Introduction: Ectoplasmic Drink Container
Make this blinking containment vessel that can contain a pulsing energy drink. Refreshing and so delightful to watch at a boring party.
This project is to demonstrate the use of Sugru as a modelling material. Sugru is a putty like substance that cures to a flexible silicone mass while adhering to the base material.
Step 1: Stuff You'll Need
Sugru - I used two 5g packs from the Smart Hacks Sample Pack
I had received them from Instructables to try out. You can order it online from the Sugru site.
Drink Pitcher - I used a plastic one, although Sugru might adhere better to glass. Sugru sticks to certain plastics but not the slick plastic my pitcher was made of. I have not done long term testing of how well it will stand up to the thermal shock from iced drinks and long term exposure to liquids.
For the artsy diffused light up effect, a frosted container works best or have the liquid inside have some transluscent property. Add some real fruit juice to cloud up the drink.
Bicycle Flasher Unit - my favorite thing to use. It is a self contained battery operated LED light flasher with multiple operating flash patterns. And I can get them at the dollar store.
I drilled a few holes in the bezel because I wanted the white LEDs to shine through to light up the pitcher.
Some aquarium tubing - I went with the more expensive silicone tubing because it was a cool frosty green color and was more flexible.
Some aquarium tubing plug fittings - embedding these would make great anchor points to attach the ends of the tubing.
A few nylon tie-wraps to secure parts
Tire pressure gauge - cool industrial add on goodness. Use brass for steampunking.
A spare Serial port connector with attached ribbon cable.
Some cool looking industrial warning labels to apply for decoration. You can find a lot of images relating to the props used in the movie "Ghostbusters".
Some aluminum repair tape for details.
Step 2: Mix and Patch
I had worked with epoxy putty(propoxy, magic putty) before so I kinda imagined what this Sugru was like. except instead of curing hard as steel, it cures to be flexible.
Sugru can be molded and shaped like clay. It does have a longer working and cure time than epoxy putties.
I did wear some nitrile gloves(better than cheap latex) to work with to avoid any allergic reaction and staining of the fingers. I messed around with it after with no gloves and there were no problems.
I clipped off a part of the end of a popsicle stick to use as a disposable forming tool. Wood is porous so some particles stuck to it but if you clean if off as you are working, it can be used with a light touch to smooth out the Sugru. Other people use a finger dipped in soapy water. I did not find that necessary.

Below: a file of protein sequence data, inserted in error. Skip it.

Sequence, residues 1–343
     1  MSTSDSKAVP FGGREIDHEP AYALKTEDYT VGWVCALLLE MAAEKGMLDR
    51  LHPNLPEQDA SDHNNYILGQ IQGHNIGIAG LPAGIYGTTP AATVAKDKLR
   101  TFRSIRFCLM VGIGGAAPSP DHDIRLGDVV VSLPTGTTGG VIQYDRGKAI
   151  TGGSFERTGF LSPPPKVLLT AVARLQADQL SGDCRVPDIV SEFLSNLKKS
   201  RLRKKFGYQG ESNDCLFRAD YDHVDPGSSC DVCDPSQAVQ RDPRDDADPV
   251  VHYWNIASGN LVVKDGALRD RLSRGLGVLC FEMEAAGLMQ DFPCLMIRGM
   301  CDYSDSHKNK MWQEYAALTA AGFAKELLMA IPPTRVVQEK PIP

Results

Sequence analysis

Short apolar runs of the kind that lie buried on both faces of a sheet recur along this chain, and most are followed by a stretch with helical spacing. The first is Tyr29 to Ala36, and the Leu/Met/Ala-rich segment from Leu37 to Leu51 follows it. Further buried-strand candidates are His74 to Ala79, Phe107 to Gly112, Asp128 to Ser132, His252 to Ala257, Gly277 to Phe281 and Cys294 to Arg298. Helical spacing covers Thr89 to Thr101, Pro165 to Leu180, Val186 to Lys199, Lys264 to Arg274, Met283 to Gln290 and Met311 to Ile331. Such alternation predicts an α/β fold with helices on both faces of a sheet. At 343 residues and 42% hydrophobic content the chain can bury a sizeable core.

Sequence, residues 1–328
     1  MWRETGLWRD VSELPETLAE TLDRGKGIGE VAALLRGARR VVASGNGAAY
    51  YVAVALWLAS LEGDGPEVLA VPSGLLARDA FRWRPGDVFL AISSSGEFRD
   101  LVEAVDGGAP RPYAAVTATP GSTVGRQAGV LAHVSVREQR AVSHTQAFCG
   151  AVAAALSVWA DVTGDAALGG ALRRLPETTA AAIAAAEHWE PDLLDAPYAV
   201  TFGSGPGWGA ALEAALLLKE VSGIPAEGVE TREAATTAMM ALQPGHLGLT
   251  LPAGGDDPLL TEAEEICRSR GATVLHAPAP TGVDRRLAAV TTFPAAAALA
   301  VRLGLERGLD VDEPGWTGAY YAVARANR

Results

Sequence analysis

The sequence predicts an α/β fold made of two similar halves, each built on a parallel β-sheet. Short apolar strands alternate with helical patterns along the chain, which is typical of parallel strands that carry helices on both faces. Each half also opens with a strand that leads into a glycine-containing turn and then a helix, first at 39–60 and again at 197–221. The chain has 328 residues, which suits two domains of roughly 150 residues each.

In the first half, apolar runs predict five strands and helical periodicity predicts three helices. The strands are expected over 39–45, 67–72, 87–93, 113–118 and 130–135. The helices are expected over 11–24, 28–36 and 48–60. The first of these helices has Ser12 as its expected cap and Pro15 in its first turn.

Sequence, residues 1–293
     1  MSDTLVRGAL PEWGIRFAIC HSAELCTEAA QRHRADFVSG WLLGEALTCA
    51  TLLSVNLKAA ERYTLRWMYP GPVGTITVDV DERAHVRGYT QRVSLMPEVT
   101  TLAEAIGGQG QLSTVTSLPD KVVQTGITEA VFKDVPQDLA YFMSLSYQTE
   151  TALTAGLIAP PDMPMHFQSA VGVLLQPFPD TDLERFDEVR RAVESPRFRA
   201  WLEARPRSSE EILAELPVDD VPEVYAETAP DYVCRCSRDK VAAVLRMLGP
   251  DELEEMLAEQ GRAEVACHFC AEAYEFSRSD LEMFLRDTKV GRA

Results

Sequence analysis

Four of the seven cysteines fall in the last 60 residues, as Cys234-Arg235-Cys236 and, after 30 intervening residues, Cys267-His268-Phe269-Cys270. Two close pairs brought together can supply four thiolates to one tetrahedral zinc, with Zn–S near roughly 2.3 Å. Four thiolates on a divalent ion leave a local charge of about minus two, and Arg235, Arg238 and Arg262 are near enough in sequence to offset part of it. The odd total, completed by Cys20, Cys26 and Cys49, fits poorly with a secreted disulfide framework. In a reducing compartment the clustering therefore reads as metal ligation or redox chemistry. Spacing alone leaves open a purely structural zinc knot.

The application here is to adhere the curved surface of the flasher bezel to the curved surface of the drink pitcher. Sugru was the glue and filler material to mate both objects. I applied it to the top and bottom of the flasher bezel.
I also embedded a hose connector in the Sugru formed in the gap at the top of the flasher bezel and the drink pitcher.
I embedded a hose connector with Sugru at two other spots on the pitcher.
Step 3: Can You See the Pressure?
The battery pack and LED flasher could be separated from the bezel.
I tie-wrapped the tire pressure gauge to the belt clip on the flasher. I didn't know if that small patch of Sugru could withstand the weight of the gauge or resist being pulled off.
Sugru was used to make a decorative patch across the tie-wraps.
Step 4: Add Connector and Ribbon Cable
I had a serial port connector with attached cable to throw into the mix, standard proton pack accesory. I was able to feed it under the flasher belt clip. I will attach the other end to the drink pitcher handle securing it with a tie-wrap in the hole that I drilled out in the handle.
I guess you could make do with a USB cable but nothing looks better than old-school serial connections and ribbon cable.
The cable was able to be slipped in the belt clip. I pressed part of the Sugru to try to adhere it to the ribbon cable to keep it in place but it did not hold.
Waiting around for it to cure, I used the improvised forming tool to impress some details into the Sugru. I pressed the cable into the Sugru and that formed some nice ridges. Yeah, you can't help but touch the Sugru every once in a while to see if it is cured yet.
Step 5: Oh Well...
This drink pitcher is made of one plastic that Sugru does not stick to. It didn't have a plastic recycling identifier on the bottom so I couldn't tell what type of plastic it is. If something feels slick or waxy, it probably doesn't stick.
The air hose plugs got knocked off. The flasher bezel was adhered on, but a little pull made it peel off.
Well, that didn't work either.
I used some aluminum repair tape that is coated with some industrial mastic made for waterproof repairs. I cut some small pieces to secure the parts.
Step 6: Is It Glowing?
The Sugru works for molding small parts. It did stick to other plastic parts.
If you wrap the Sugru around a part, it will anchor it in.
I printed out some labels and just used some packaging tape to put them on.
I cut out some lengths of tubing to attach to the various connector points.
Fill up with some ectoplasmic colored liquid to test.
Cycle through to see which light pattern is the coolest.
Have fun making an ectoplasmic drink container.
Use brass tubing, wood and leather handles for the steampunk version. Put a mechanical water well pump at the top to serve.